For example, if your home is jointly owned with your spouse, he or she may automatically own the house when you die. 

If you have a joint bank account or payable-on-death bank account, the money within this account will be given to the account’s co-owner or listed beneficiaries, who were indicated on the bank forms you filled out when you opened the account. 

Some other assets that need beneficiaries appointed for can include:

  • Your retirement plan
  • Insurance accounts
  • Brokerage accounts 

You should regularly double-check your listed beneficiaries, as relationships can change over time and you may wish to change who is named on your policies or accounts, particularly if they were initially written up over a decade ago. 

For example, if your ex-spouse was a beneficiary on your life insurance policy and you neglected to change it, then your current spouse will face more heartache after you pass on. 

So, don’t forget to update your beneficiaries!

4. Figure out where you want your money to go 

When organizing your estate and planning the future for your loved ones, don’t forget to take into account what you actually want. 

For example, if you have a certain amount of savings, you may want 20% of them to go towards charity, or towards your nieces’ and nephews’ education. 

Always make sure you have your goals for your estate clearly outlined. 

5. Organize your files and paperwork

Estate planning isn’t only about figuring out legal matters. It’s also about making life easier for your loved ones when you die. 

This is why it’s necessary that you keep all your files neatly organized so your family can find everything they need after you’ve gone. 

Store all your estate information in an accessible place which your family knows about, so your family doesn’t have trouble finding it. Do not store estate planning documents in a safety-deposit box which only you have access to. 

This information can include:

  • Will
  • Trusts
  • Power of Attorney
  • Bank account information
  • Mortgages
  • Pension plans 
  • Property deeds
  • Investment portfolios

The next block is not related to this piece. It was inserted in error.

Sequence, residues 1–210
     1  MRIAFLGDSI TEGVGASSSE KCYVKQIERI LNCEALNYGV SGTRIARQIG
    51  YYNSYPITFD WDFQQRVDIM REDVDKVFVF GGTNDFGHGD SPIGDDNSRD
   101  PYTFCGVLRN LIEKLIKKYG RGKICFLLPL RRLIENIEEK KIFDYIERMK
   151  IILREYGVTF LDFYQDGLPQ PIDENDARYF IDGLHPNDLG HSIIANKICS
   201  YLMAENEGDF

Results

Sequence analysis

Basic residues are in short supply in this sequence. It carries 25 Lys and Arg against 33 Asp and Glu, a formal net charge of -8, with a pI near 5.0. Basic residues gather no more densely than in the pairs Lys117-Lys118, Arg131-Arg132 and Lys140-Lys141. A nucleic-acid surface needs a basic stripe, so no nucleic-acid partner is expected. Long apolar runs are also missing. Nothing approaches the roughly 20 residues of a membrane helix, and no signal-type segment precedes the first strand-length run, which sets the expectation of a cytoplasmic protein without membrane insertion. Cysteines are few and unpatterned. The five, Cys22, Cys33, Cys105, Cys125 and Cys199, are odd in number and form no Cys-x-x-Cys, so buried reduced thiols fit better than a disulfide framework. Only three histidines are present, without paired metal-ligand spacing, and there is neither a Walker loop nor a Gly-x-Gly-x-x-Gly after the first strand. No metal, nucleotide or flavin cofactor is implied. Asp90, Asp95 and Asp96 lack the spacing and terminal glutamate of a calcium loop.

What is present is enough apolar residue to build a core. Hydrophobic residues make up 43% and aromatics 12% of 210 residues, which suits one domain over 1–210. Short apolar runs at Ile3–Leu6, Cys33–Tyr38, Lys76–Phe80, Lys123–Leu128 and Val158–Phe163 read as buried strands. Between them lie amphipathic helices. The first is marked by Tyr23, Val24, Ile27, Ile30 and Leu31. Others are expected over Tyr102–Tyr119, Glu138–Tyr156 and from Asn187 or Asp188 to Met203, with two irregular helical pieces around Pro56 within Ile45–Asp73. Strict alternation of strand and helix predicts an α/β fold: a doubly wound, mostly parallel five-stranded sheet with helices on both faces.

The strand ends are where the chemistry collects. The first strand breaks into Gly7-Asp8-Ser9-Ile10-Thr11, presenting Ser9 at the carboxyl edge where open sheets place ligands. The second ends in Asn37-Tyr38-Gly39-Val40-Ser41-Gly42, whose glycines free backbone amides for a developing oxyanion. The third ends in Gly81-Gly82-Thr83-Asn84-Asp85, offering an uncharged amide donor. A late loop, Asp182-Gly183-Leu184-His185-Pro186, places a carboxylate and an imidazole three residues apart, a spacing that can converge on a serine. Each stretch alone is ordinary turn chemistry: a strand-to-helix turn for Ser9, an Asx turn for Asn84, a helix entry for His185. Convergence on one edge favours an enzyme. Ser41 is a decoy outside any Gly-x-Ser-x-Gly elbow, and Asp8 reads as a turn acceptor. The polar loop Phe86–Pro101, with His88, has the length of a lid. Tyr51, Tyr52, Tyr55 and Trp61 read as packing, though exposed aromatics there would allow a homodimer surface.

• Information about your insurance policies 
  • Funeral plans

An estate plan, when constructed properly, can provide your family with peace of mind when it comes to sorting out your affairs. They’ll know exactly what to do when you pass, and they won’t have to worry about going against your wishes. 

6. Regularly review and update everything

When life changes, you should change your estate plan too. It always needs to be reviewed and updated. Estate planning, unfortunately, isn’t a one-time deal, and as the years go by, you should update everything on a regular basis. 

Remember to revisit your estate plan if:

  • You get divorced
  • You get married
  • You have a child
  • You suffer the loss of a loved one
  • You get a new job
  • You lose a job 
  • You buy or sell a property 

You shouldn’t just revisit your estate plan if things change either. Go over it again every so often because even if your personal situation hasn’t changed, your state’s laws might have. 

It may take effort to revise your plan, but if you update it often, then you’re less likely to run into issues later on.

7. Get professional estate planning advice

Hiring a professional estate planning attorney who knows what they’re doing can help move things along when it comes to creating your estate plan. 

If you have questions about your estate planning, hiring a legal professional to help you will answer the questions which you have.

Estate planning involves many complicated things, and even the slightest mistake in paperwork can have long-lasting effects on your estate, particularly when it comes to paying taxes. 

What can an estate planning attorney do?

Your attorney can analyze your unique situation and guide you through the complicated processes of developing an estate plan and show you precisely what steps to take to maximize the benefits to your loved ones.  

If you have any questions about estate planning, please contact us to schedule a free in-person or Zoom video consultation. We will review your specific matter, respond to your questions, and provide a written recommendation letter which will outline a course of action and the cost for the service.  

If this all sounds confusing, or you don’t know where to begin when it comes to planning your estate, then we can help. Contact us now.

We’re a team of experienced lawyers who can help you sort out all the details needed for your estate plan. 

Whether you’re just drafting your estate plan or need help with your revisions, the team at Meimaris Law can help make sure you get it right. 

Get in touch with our team today.